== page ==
The Fire Horse Girl

My first book, The Fire Horse Girl, is about a teenage girl living in China in 1923 and determined to immigrate to America to escape her curse and find freedom.


Jacket Copy:

Jade Moon is a Fire Horse — the worst sign in the Chinese zodiac for girls, said to make them stubborn, reckless, and far too headstrong. While her family despairs of marrying her off, she dreams of traveling far beyond her tiny village, living out a story as big as her imagination.

Then a young man named Sterling Promise offers Jade Moon and her father an incredible opportunity:  the chance to go to America. As they travel, Sterling Promise’s smooth manners and Jade Moon’s impulsive nature strike sparks again and again. But America in 1923 doesn’t welcome Chinese immigrants, and when they are detained at Angel Island — the so-called “Ellis Island of the West” — Jade Moon uncovers a betrayal that destroys all her dreams. To get into America, much less survive there, she will have to use every bit of her stubbornness and strength to break a new path . . . one so brave and dangerous that only a Fire Horse girl could imagine it.


“What do you think America will be like?” I asked Sterling Promise.

“Your uncle used to say that it was a place where stories began. A place where any ending was possible.”

My eyes widened. “Did Uncle like stories?”

“He liked possibilities,” he said. “I think America is a land that allows you to walk away from an old life into a better one.”

I nodded slowly.

“And you, what do you think it will be like?”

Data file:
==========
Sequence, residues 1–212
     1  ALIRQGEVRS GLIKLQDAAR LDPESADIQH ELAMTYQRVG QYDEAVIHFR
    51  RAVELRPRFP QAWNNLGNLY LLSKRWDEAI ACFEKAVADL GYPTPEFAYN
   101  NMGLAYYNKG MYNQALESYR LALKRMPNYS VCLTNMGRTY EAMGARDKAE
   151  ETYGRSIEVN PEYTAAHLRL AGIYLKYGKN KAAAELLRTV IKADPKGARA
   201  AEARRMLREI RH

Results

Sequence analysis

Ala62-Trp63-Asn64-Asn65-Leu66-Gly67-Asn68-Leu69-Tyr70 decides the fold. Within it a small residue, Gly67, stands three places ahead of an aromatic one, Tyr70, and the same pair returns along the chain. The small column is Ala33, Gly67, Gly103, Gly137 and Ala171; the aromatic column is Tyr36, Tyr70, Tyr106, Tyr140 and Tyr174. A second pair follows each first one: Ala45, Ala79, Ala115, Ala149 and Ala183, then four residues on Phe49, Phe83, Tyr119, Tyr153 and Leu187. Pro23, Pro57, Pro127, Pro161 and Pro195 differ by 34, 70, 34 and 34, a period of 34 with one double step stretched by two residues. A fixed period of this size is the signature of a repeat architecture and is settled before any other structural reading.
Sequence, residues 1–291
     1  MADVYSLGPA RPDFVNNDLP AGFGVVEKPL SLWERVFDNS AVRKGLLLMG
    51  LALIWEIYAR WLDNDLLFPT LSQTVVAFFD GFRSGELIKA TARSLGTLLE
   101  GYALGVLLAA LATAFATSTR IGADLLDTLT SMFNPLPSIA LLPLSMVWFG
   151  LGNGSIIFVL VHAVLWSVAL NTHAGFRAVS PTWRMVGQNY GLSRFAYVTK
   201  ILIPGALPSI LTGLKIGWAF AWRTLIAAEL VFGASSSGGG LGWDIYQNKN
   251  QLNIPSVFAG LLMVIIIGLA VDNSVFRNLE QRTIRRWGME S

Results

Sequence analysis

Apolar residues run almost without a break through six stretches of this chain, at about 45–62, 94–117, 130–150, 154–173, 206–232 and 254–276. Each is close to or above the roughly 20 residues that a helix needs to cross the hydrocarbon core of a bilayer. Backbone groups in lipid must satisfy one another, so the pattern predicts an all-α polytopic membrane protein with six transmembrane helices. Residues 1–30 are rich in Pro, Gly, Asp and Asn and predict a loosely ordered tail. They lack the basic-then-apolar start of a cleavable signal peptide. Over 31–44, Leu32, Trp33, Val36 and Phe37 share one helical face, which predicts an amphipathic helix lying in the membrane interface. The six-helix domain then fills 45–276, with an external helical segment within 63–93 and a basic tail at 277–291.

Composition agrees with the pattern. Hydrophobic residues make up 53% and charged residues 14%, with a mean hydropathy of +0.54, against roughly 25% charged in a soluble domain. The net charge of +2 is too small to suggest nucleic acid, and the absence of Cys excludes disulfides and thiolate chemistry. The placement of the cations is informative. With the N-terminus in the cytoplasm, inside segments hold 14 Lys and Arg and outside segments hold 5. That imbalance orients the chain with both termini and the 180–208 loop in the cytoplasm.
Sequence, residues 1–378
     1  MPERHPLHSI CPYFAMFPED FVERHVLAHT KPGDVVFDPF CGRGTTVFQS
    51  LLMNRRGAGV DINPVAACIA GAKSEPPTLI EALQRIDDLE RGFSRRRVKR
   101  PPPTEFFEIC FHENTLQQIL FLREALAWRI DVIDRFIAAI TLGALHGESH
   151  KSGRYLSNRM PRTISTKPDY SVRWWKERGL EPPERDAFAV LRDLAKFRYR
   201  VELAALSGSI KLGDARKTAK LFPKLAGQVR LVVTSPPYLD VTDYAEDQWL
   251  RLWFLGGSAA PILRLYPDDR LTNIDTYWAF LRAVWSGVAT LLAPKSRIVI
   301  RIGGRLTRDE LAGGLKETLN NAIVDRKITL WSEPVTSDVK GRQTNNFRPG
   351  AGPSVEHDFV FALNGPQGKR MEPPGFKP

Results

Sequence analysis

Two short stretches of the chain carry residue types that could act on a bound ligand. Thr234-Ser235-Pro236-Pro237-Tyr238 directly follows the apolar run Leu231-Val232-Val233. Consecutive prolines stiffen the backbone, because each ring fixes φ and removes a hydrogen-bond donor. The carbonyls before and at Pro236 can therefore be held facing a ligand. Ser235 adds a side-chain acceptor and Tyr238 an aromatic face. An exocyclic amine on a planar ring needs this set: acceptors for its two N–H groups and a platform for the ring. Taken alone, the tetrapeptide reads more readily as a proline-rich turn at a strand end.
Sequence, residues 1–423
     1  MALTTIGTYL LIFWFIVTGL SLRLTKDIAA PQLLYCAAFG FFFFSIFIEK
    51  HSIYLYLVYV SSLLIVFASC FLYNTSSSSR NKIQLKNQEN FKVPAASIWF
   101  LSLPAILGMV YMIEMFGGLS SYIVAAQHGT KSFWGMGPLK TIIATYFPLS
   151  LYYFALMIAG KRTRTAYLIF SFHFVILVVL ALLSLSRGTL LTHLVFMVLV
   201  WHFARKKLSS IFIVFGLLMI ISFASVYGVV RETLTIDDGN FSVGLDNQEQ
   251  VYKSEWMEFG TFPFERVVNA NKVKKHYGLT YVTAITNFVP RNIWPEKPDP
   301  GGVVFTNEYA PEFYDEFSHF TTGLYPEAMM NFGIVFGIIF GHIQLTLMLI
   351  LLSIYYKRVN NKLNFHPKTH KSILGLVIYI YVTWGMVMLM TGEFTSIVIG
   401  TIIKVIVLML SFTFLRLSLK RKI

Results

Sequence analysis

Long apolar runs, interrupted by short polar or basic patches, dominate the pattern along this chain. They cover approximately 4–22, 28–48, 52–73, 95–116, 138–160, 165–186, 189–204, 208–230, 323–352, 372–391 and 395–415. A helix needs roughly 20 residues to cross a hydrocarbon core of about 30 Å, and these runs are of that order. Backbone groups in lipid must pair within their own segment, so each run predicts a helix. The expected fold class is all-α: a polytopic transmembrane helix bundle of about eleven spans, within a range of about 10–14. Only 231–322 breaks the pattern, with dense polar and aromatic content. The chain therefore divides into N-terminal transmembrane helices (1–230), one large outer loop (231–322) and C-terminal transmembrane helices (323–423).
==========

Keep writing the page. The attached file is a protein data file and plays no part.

“It will have . . . what do you call it? Getting to live as who you are?”

“Freedom,” he said. But he wasn’t looking at me.

“That is what it will be. Freedom.”

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7 thoughts on “The Fire Horse Girl

  1. I just finished ur book a few seconds ago. I hate historical fiction, but his book kept me up all night asking myself what would happen next. I loved how you made her into a mafia girl!!!!! Jade moon is truly the ‘mulan’ of that society!!!!!! Loved the story!!!!

  2. Looking for discussion questions for a classroom literature circle. Any idea where to find some that are ready-made? Thanks!

  3. I really enjoyed this book! Perhaps you could maybe have an epilogue on your website?? 🙂
    I really liked how the cowherd and the weaver story you had had to endings! One where there was love all over the place but another ending with the weaver being determined to not let anything stop her from getting her life back.
    Your book was something I don’t usually read but it was great! You had me wondering was Sterling Promise really a shady person or he just hadn’t found his identity? But you did great and I would absolutely love it if you considered an epilogue!! ^.^ thank you for your book.

    1. An epilogue is a great idea! I often think of Jade Moon and Sterling Promise and what their life might be like 5, 10, or 20 years later. I’ll definitely give it some thought!

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